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The finances and bankruptcy of Northern Beef Packers in Aberdeen will be an issue in South Dakota's crowded Republican U.S. Senate primary, the candidates say.
A state economic development office's spin-off into a for-profit company is under the microscope as lawmakers vow to look further into the state's role in financing the bankrupt Northern Beef Packers. The for-profit company, created in January 2008, secured much of the money that built the Aberdeen beef plant, the most notorious of several South Dakota economic development projects fueled by foreign investment money. Why and how that office moved from a state-run enterprise to a private endeavor is at the center of ongoing interest in the beef plant and the individuals who moved the money to
North Dakota's oil boom and a tough winter are straining railroad companies past their limits, and South Dakota farmers and ethanol plants are feeling the pinch, Sen. John Thune, R-S.D., said Wednesday. Thune has met with and sent letters to top officials at both Burlington Northern Sante Fe and Canadian Pacific railroad companies, saying railroad shipping needs to be a reliable service.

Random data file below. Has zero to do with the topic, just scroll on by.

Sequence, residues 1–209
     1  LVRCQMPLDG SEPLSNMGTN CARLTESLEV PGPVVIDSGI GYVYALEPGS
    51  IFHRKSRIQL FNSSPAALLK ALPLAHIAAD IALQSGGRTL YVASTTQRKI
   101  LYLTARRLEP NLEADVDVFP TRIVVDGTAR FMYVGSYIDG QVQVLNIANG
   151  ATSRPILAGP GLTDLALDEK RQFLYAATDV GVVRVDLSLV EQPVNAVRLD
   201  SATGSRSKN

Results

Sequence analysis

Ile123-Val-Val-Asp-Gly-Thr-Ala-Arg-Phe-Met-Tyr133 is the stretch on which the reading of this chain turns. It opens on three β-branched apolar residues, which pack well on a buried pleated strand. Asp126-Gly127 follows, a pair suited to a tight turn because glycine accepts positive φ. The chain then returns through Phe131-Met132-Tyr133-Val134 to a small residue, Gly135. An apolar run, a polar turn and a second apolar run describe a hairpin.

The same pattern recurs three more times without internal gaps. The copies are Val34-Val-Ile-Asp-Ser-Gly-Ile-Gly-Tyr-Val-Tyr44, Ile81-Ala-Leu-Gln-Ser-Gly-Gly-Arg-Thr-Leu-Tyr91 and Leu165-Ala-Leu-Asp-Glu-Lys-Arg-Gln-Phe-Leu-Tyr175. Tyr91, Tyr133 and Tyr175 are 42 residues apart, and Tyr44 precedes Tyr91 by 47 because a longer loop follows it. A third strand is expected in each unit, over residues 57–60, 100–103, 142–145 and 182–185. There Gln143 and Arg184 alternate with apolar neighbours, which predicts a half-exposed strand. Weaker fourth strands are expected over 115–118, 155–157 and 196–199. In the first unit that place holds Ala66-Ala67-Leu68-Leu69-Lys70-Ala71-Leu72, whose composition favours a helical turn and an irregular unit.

South Dakota's U.S. senators both said they believe Congress will extend the production tax credit for wind energy projects. The so-called PTC was omitted from a package of temporary tax-break extensions, but both Sen. Tim Johnson, D-S.D., and Sen. John Thune, R-S.D., said they expect the Senate Finance Committee to put a two-year extension of the tax break in the legislation before it goes to the Senate floor. "Although the initial draft package did not include the PTC, I remain optimistic the committee will act to add it," Johnson said.
IDEAL -- Greg Jorgensen calls his family cattle operation a passion, a hobby and work. "I've been doing it all my life, and I'm 62," he said Wednesday afternoon. "It's a full-time job and then some." Greg, a third-generation farmer, runs Jorgensen Land and Cattle along with his brother, son and nephew near the town of Ideal, northwest of Winner.
Restriction and oppression drove nine ex-Hutterites to leave their colonies seven years ago, they say. Now they have discovered joy in their faith, which has inspired them to found a publishing company and write a book describing their struggles.
Mid-decade campaigns set up Democrats for Capitol Hill careers, created rift in GOP
Sen. Thune says Sen. Johnson should do more to garner White House support.
South Dakota's two Republicans in Congress said they will not criticize the Democratic Obama administration as it responds to the unfolding events in Ukraine. Both Sen. John Thune, R-S.D., and Rep. Kristi Noem, R-S.D., said they do not support military intervention but do support aggressive actions such as sanctions to inflict pain on Russia after it is believed that nation sent troops into Ukraine. "I don't support military involvement, but a number of actions can be taken to make this very costly for the Russian elites," Thune said.